Democracy. 1832. 1864.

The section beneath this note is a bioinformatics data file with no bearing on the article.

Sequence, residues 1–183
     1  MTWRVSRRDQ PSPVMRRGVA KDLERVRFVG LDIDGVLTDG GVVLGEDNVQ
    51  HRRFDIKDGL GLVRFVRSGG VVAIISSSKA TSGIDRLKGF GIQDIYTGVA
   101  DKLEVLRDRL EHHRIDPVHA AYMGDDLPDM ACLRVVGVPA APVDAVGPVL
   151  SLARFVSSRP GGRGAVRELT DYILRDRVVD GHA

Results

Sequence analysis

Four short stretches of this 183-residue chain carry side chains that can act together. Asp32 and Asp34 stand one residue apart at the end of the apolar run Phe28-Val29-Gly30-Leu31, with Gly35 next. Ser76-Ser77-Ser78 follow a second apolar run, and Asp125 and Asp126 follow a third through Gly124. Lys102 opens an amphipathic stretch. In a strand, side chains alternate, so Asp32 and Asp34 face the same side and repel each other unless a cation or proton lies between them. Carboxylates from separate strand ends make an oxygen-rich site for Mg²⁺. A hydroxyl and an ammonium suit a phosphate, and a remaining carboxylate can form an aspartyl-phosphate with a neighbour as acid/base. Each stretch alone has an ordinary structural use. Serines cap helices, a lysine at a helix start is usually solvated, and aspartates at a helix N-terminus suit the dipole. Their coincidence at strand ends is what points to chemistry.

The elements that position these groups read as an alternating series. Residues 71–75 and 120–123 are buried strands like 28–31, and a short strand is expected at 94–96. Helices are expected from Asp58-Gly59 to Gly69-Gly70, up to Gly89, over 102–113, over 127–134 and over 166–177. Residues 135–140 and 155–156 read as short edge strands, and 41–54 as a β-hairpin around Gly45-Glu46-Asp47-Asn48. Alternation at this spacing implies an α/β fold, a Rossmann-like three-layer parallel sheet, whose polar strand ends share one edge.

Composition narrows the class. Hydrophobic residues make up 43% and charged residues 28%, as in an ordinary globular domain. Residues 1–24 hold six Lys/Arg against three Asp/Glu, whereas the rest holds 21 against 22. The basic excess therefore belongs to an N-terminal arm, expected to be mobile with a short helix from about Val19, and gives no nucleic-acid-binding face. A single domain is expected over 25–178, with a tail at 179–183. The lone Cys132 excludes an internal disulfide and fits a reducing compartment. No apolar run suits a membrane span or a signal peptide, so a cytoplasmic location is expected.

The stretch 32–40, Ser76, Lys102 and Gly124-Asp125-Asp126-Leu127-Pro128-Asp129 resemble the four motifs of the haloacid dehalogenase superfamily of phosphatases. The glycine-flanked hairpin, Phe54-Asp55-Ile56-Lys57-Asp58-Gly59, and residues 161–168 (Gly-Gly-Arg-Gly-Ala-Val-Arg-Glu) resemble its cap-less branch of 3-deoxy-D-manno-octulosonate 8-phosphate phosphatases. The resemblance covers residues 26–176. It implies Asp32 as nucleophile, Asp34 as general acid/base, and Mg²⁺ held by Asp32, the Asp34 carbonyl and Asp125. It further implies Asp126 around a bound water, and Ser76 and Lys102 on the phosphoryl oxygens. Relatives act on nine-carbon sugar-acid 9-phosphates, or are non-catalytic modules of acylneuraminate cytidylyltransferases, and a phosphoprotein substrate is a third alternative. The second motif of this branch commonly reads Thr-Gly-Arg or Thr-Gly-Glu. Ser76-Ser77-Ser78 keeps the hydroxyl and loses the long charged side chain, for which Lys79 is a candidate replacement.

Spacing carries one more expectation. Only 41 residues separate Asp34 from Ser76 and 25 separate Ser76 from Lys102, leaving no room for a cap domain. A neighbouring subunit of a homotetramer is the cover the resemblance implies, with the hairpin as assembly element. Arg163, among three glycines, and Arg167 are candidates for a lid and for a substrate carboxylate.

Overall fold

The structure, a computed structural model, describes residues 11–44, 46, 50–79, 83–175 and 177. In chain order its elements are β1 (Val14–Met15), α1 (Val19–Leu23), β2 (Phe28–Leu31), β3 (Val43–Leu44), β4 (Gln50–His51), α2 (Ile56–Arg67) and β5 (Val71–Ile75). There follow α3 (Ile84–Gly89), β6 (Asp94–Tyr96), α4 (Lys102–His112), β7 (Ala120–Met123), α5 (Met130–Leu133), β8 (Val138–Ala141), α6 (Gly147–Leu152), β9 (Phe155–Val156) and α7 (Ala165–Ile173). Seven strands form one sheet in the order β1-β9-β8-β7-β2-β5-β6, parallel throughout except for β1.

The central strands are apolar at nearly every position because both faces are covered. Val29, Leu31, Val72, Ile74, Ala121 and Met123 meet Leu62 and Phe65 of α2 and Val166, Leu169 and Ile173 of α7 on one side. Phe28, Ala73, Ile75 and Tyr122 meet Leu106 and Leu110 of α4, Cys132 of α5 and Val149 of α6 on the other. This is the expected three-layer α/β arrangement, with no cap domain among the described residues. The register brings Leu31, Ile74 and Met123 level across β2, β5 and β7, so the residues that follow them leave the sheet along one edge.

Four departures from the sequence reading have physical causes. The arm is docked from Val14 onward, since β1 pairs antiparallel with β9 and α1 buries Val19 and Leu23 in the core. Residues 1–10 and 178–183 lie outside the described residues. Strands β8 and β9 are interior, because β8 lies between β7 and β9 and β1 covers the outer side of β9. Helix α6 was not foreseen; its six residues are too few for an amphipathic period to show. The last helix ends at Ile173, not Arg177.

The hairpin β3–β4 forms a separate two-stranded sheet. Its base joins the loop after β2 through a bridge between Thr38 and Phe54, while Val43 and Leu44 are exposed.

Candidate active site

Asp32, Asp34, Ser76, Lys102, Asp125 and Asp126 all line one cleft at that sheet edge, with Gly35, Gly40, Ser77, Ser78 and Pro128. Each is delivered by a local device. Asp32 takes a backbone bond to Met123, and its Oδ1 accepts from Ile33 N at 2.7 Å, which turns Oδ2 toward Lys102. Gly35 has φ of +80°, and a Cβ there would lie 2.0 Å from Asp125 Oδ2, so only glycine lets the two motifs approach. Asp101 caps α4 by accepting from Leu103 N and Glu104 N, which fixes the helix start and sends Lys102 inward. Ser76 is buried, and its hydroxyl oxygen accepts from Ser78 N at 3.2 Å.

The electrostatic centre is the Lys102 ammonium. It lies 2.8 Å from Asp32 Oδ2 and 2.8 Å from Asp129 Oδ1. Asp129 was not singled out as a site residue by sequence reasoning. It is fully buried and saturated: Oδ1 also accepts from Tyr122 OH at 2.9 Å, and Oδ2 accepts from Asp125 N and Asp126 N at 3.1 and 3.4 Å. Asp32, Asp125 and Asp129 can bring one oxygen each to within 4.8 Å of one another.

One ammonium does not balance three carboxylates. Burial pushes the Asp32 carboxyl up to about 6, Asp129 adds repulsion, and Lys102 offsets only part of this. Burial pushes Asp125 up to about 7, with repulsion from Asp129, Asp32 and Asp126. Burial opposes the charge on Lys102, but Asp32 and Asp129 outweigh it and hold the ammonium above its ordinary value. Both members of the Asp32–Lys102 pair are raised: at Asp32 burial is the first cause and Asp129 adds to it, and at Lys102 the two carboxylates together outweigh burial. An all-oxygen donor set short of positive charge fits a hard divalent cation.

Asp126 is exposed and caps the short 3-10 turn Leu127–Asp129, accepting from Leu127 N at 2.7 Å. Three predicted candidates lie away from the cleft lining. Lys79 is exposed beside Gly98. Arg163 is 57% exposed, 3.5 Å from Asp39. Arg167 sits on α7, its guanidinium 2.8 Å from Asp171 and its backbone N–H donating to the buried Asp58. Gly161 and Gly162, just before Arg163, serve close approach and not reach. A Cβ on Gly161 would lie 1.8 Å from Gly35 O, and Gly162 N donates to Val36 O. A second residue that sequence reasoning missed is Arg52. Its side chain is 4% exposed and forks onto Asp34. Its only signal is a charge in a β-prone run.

Two scenes contrast Democratic presidential candidate of 1832 Andrew Jackson and 1864 George B. McClellan. McClellan is portrayed as weak and conciliatory toward the South, whereas his earlier counterpart's staunch preservation of the Union is applauded. In the left panel Jackson berates John C. Calhoun, leader of the Southern nullification effort of 1832. Jackson vows, "By the Eternal! this Union must and shall be preserved: A Traitor's doom to him who acts against it." Calhoun bows deeply in response, pleading, "Pardon! Pardon!" Three men in the background also bow. The South Carolinean Calhoun was a longtime exponent of Southern autonomy. On the right McClellan and running mate Pendleton kneel on the "Chicago Platform" before a standing Jefferson Davis. Davis addresses them, "Gentlemen, I am well pleased with what you ask for, you are men of sense, and to commence with I wish you to call back those fellows, Sherman, Grant and Sheridan also that old Seadog Farragut after that we will see further." The men mentioned are Union generals William T. Sherman, Ulysses S. Grant, and Philip H. Sheridan and Union admiral David G. Farragut. McClellan, who ran on a "peace at any price" plank, offers an olive branch to Davis, begging, "We should like to have Union and Peace dear Mr. Davis but if such is not your pleasure then please state your terms for a friendly separation." Pendleton, behind him, says, "Amen." At the far left a Confederate soldier comments, "Those Northern dogs how they whine!" Beside him another soldier gnaws a corn cob.